Thoughts on Atheism, Religion, and Equality

In the last couple of days, Liberal Democrat leader Tim Farron has resigned over what he felt to be a conflict between his religious beliefs and his leadership position. There’s been plenty of speculation on the precise nature of this conflict, especially in light of his previous insistence that his personal religious beliefs did not impact on his liberal principles, and anyway he din’t believe that homosexuality was a sin. I must admit that I’m inclined towards scepticism regarding Farron, but that’s not really want prompted me to write this.

Instead, what I’m concerned with here is the tone of some comments on a ‘humanist’ page on Facebook, which for me summed up a tendency within the atheist community: that of dismissing deities as ‘sky fairies’ and insisting that the most important thing is to ‘mock’ religious believers.1

The problem is, this really misses the point. The gist of the article they were commenting on was that ‘the problem is not religion itself, but the way individual politicians interpret it’. Plenty of religious people (even religious politicians) have found no conflict between their faith and support for gay rights (indeed, plenty of LGBT people are religious themselves). The problem (suggests the article) is not religion in general, but Farron’s views in particular.

However, for many atheists (including prominent names like Richard Dawkins), this level of nuance is incomprehensible. There’s no variation between religious practitioners; there’s no scope for differing beliefs within or between religions; and there’s no scope for understanding the social context in which religion exists. Dawkins, for example, has been vocally dismissive of the study of theology, purporting to believe that to even study religion is to assert the existence of God. This is nonsense, of course; to study religion no more requires belief in God than to study modern literature requires belief in Harry Potter and Frodo Baggins, and Dawkins’ opinions are undoubtably within the realms of theology. (Dawkins has since gone even further, to dismiss much of the humanities and social sciences in general; it’s hardly a stretch, at this point, to suggest that he’s simply opposed to any body of knowledge that suggests he might not be the foremost authority on all the world’s problems.)

This kind of atheism misses the wood for the trees. Dawkins and his ilk claim to be deeply concerned by the impact of religion on society, but focus instead on the truth value of the proposition that ‘God exists’, apparently assuming that all of these negative impacts will simply disappear in a puff of logic. Marx wrote in 1842 that he ‘desired there to be less trifling with the label “atheism” (which reminds one of children, assuring everyone who is ready to listen to them that they are not afraid of the bogy man)’; for him, the non-existence of God was not in doubt, but equally, asserting this didn’t address any significant social questions.

Here’s a thought experiment: if God really did unquestionably, irrefutably exist, would homophobia be justified? One would hope that most atheists would say no (and, of course, many religious people already do say no). But in that case, why precisely does the existence of God matter? Religious people are far from exclusively homophobic, and homophobic people are certainly not exclusively religious.

A while back, I wondered if Dawkins-style atheists and religious fundamentalists had in common with each other a literal interpretation of holy texts, while more mainstream religious believers are more flexible in their faith. Since then I’ve realized this is untrue; religious fundamentalists don’t have an interpretation that is somehow ‘more correct’ than others (ISIS’ attacks on civilians during Ramadan comes to mind, or Christian extremists’ tendency to ignore the ‘plank in their own eye’). These atheists (or anti-theists, perhaps) have a similar tendency, though: to find, from their position of ignorance, the most negative interpretations of the texts, and to assume that this is the only valid one, that those believers who favour other interpretations are somehow ‘doing it wrong’. One could almost believe that they’d rather all religious people were ISIS or the Westboro Baptist Church; ‘moderate’2 religious people pose too much of a challenge to their black-and-white worldview wherein all atheists are good and intelligent and all ‘theists’ are bad and stupid.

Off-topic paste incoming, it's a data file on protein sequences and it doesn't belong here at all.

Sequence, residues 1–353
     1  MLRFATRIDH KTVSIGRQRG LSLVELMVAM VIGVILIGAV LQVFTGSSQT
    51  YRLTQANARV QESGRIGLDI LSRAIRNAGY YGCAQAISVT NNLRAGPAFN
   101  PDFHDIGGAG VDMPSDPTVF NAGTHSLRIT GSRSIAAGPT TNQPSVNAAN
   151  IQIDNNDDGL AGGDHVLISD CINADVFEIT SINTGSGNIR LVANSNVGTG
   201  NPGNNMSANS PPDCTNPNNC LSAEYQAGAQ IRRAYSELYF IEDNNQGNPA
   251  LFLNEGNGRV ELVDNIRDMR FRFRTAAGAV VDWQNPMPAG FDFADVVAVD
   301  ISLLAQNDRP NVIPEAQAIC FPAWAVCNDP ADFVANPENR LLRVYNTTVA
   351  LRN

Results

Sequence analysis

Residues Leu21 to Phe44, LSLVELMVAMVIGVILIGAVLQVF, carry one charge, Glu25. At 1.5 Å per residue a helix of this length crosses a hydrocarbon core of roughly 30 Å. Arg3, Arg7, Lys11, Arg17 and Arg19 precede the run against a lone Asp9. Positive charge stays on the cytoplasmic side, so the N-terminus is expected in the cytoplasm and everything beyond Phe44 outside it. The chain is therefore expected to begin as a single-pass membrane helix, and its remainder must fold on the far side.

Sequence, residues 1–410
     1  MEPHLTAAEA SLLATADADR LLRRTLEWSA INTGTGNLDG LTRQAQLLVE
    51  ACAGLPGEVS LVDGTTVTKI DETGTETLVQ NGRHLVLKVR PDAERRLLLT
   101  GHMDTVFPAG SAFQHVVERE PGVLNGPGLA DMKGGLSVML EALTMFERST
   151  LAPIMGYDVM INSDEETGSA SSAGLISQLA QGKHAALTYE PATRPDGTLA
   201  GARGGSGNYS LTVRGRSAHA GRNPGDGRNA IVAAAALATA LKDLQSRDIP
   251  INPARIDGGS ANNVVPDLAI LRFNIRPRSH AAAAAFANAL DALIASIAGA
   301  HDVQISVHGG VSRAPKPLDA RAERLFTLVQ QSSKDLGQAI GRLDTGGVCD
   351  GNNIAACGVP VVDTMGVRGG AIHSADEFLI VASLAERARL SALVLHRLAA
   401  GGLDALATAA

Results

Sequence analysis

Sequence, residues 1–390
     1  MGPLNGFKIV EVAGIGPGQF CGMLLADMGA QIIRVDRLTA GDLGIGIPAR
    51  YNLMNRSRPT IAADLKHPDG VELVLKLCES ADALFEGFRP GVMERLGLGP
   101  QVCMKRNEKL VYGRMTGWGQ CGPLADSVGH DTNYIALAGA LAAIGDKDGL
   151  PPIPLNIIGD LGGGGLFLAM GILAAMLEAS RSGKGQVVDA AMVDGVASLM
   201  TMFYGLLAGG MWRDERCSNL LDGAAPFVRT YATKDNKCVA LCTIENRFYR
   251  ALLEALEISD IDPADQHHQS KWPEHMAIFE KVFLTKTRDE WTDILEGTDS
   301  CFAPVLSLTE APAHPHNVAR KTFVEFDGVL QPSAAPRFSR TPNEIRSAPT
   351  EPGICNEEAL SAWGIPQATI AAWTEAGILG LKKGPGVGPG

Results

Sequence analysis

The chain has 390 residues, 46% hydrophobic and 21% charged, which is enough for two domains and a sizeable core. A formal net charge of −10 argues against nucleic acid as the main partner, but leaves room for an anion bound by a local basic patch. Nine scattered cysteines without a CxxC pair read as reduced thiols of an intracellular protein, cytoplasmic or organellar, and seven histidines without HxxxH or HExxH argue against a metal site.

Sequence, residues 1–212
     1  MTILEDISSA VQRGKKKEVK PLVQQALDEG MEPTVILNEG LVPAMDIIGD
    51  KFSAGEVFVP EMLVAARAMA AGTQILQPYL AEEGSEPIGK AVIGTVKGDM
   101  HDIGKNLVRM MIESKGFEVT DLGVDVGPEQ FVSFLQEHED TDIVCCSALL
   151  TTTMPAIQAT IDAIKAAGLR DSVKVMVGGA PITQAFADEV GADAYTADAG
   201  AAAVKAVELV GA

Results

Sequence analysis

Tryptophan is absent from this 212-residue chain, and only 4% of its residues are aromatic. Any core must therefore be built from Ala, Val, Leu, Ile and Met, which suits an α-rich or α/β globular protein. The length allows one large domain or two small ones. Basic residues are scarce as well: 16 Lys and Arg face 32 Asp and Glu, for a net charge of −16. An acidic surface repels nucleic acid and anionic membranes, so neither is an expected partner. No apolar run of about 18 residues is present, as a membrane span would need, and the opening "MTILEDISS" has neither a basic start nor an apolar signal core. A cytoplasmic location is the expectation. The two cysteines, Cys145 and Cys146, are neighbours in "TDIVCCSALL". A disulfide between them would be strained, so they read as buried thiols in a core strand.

As far as Tim Farron goes: it’s hard to support a belief that Christians are discriminated against in this country. As far as I can tell, each of the Prime Ministers we’ve had in the last ten years has been quite openly Christian, while Tony Blair was less so during his time in office but famously converted to Catholicism afterwards; I can’t find out what John Major believed in, but Thatcher was certainly religious, as was (to a greater or lesser extent) almost every Prime Minister before that. What seems to have damaged Farron is not so much his openness about his faith, but his failure to convince the party and the electorate that he isn’t a homophobe (even if he really isn’t). As Labour’s Emily Thornberry said on BBC Question Time last night, “you cannot aspire to be Prime Minister of this country … and think a substantial minority of this country, by their very sexuality, are in some way immoral”; I would add that a clarification that “we are all sinners” does not do much to improve this position.

  1. Full disclosure: I used to be this kind of atheist, although I hope I’m better now.
  2. Although I’m not entirely comfortable with the implied judgement of words like ‘moderate’.

Commodity Fetishism and Technological Solutions

A common observation among my group of friends is that “you can’t apply a technological solution to a social problem”; broadly speaking, that if a problem is fundamentally caused by human behaviour, technology can provide, at best, a temporary fix, until humans modify their behaviour to bypass the solution. Technology can’t, in many (perhaps not all) cases, address the fundamental causes of problems. And yet, somehow, it’s a recurring theme; a lot of security-related technology seems to fall into this category, for example.

Completely unrelated to all this, or so I thought, I’ve been trying to get my head around Karl Marx’s concept of the commodity fetish:

As against this, the commodity-form, and the value-relation of the products of labour within which it appears, have absolutely no connection with the physical nature of the commodity and the material relations arising out of this. It is nothing but the definite social relation between men themselves which assumes here, for them, the fantastic form of a relation between things. In order, therefore, to find an analogy we must take flight into the misty realm of religion. There the products of the human brain appear as autonomous figures endowed with a life of their own, which enter into relations both with each other and with the human race. So it is in the world of commodities with the products of men’s hands. I call this the fetishism which attaches itself to the products of labour as soon as they are produced as commodities, and is therefore inseparable from the production of commodities.